Straight away, we can see a similarity between Silva’s positioning and Larsen’s. Both are strikers who are capable of playing in the wider positions too, crossing the ball into dangerous areas for their teammates. In these images, Silva is on opposite wings, against Braga in the first image and CF Benfica in the second, but the point is still the same; the ball can be played into the middle from her cross.
In the second image in particular, Silva is on the right side of a front three structure, and this is similar to Aston Villa’s structure, which we saw previously. This is perhaps what gained Villa’s interest this summer, as Silva is again versatile, and can play as a winger when needed to.
Another similarity can be seen here, because we saw how Aston Villa Women like to play with a front two, isolating the defence and have a third player behind, who can play the ball into either attacker. In this image, we see how Silva is positioned on the nearside, having formed the same triangle shape, and is in space. Silva is a quick player, like Larsen, and so her pace enables her to find and unlock these spaces. You can see how Benfica’s central defenders have been isolated in the middle, shown by the blue line, so that shows how effective this tactic is. Given that Aston Villa do this, we can see how Silva might fit in at the Bescot Stadium next season.
We have looked at how Silva plays in wider positions, and these images show us how she operates in the central areas. We can see in the first image how her teammate is looking to play the ball into the space marked by the yellow square, and that is because Silva is running through the gap in the opposing defence to get into that area, as the red arrow shows. You can see how the Benfica defence have split, leaving this gap open, and that means Silva then has a clear route through to goal.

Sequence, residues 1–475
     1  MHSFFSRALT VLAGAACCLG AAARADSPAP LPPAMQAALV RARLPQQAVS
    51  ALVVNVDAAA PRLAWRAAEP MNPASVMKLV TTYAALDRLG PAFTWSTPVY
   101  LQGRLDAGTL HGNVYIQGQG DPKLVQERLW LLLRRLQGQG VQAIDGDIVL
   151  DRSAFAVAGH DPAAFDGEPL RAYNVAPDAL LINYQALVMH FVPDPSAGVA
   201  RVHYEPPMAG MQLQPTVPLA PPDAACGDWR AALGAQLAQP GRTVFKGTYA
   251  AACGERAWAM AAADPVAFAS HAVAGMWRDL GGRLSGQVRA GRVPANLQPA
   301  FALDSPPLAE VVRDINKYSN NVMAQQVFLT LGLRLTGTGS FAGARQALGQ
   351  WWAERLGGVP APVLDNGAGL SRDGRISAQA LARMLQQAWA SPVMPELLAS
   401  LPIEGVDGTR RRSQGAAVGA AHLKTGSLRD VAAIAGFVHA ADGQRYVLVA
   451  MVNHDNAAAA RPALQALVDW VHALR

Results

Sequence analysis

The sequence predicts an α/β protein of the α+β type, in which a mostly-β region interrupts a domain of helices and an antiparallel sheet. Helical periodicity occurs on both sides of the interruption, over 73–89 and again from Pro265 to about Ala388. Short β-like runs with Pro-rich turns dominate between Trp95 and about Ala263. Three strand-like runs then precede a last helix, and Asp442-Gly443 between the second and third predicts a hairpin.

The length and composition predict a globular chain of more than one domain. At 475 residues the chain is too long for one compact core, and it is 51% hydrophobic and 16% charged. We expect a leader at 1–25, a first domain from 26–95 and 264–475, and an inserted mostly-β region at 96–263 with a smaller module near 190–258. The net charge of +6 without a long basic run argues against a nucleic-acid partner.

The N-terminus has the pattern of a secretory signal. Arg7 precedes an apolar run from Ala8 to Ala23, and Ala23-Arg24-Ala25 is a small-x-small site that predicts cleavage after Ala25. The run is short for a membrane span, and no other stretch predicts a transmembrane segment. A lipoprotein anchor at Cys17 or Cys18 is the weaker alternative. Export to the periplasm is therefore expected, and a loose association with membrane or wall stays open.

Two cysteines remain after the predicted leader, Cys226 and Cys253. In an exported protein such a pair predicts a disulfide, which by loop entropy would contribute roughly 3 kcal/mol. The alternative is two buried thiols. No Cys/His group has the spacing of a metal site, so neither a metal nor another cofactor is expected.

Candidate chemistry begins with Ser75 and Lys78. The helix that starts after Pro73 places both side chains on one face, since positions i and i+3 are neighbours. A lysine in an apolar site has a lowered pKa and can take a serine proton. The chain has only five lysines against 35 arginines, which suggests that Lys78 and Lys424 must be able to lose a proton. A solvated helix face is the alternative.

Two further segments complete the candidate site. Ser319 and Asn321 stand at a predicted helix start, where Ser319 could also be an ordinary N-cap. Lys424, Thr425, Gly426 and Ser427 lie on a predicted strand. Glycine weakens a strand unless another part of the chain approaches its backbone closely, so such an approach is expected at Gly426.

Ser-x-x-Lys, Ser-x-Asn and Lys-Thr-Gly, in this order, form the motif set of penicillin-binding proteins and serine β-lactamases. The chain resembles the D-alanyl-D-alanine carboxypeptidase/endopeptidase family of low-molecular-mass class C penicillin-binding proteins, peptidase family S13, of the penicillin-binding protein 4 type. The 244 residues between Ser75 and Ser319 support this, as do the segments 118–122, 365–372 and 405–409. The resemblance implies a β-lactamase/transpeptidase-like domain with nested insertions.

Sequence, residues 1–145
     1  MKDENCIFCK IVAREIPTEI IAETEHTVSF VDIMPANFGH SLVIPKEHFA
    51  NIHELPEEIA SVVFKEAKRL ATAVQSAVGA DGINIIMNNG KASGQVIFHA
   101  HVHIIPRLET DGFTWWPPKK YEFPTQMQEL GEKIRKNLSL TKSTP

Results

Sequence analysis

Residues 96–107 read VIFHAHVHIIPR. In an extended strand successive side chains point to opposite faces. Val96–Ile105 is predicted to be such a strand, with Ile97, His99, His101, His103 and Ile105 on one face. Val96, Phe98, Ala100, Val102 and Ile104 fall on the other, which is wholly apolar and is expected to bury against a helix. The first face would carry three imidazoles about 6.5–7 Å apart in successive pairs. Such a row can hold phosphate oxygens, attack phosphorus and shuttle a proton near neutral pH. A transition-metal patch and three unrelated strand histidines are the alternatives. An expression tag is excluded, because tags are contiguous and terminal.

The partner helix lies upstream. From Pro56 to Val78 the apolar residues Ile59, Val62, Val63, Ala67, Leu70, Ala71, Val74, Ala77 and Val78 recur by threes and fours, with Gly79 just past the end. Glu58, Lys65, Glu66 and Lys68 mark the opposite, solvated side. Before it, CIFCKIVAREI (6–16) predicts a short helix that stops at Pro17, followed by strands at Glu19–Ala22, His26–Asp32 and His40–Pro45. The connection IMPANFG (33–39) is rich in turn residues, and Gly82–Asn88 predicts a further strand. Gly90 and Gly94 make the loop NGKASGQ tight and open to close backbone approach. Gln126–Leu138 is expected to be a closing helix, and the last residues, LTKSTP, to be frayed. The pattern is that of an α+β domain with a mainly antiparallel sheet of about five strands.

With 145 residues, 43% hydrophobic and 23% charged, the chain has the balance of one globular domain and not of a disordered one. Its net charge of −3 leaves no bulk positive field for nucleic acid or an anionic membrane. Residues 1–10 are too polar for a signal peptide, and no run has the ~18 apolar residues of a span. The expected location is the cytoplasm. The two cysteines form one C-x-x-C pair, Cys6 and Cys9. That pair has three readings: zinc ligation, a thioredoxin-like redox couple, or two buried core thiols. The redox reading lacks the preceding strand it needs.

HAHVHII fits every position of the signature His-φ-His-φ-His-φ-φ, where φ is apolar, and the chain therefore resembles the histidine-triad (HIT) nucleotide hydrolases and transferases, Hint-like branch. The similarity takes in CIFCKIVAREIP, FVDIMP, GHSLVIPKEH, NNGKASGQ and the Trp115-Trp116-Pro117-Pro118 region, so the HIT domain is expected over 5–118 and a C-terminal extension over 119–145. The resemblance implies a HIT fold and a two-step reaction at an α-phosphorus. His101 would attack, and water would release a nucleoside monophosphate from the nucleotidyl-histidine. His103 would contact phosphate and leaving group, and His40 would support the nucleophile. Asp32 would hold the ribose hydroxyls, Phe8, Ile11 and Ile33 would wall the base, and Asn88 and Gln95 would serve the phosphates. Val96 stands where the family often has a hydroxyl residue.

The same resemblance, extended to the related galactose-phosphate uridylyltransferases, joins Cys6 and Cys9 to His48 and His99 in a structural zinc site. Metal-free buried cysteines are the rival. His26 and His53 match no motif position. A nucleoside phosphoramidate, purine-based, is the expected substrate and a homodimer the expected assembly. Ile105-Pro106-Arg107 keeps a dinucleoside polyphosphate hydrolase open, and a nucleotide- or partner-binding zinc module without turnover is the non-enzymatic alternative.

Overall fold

In the second image, Silva is in the goal area, playing as a poacher. This offers us a new insight to her play, because we haven’t yet seen her in this area. However, getting behind the opposing defence is something we know she can do. This is likely to be something that Aston Villa Women will rely on her for next season, because they will come up against some strong defences, and will need someone to make a run behind and create a passing option when they are struggling to break them down. Silva can perform that role, as can Larsen.
We have seen how both Larsen and Silva play, and how both could fit into Aston Villa’s tactics next season, and now we will compare both players’ statistics from this 2019/2020.
We can start by saying that both players exceeded their expected goals value for last season, with Larsen scoring seven goals and Silva five. However, what is significant is that Larsen exceeded her expected assists value too, whilst Silva didn’t. Therefore, Larsen would perhaps be the better option if Villa want to play balls into the box and create opportunities for others. Silva is perhaps a better option in the central position, getting on the end of these crosses. This is supported by the fact that Silva has more touches in the penalty area, as she tends to play there more often.
The Portugal international does have a better passing and crossing accuracy, so she would be the better option for perhaps playing behind another player, feeding the ball through to wingers or to the central striker when Villa need this type of player too.
Therefore, what we can see from these statistics is that both players, whilst playing in similar positions, are different in what they offer Aston Villa Women. This will help Villa next season, with their versatility in the forward line being a key factor we have already picked out.
In conclusion, we can say that both Stine Larsen and Diana Silva have qualities that can help Aston Villa Women next season. We have seen how both operate in areas that match what Aston Villa do, and this will mean that they won’t need to adapt too much next season when they play at the Bescot Stadium. Whether they play on their own or not is the question we have been looking to answer, and the answer is that Silva would be the better option as a lone striker because we have seen how she gets into the box more often. Larsen would be better used in a front two or front three formation, because we have seen how she drifts wide quite a lot, and this would mean she would need a strike partner in the middle to give her a passing option when she had the ball.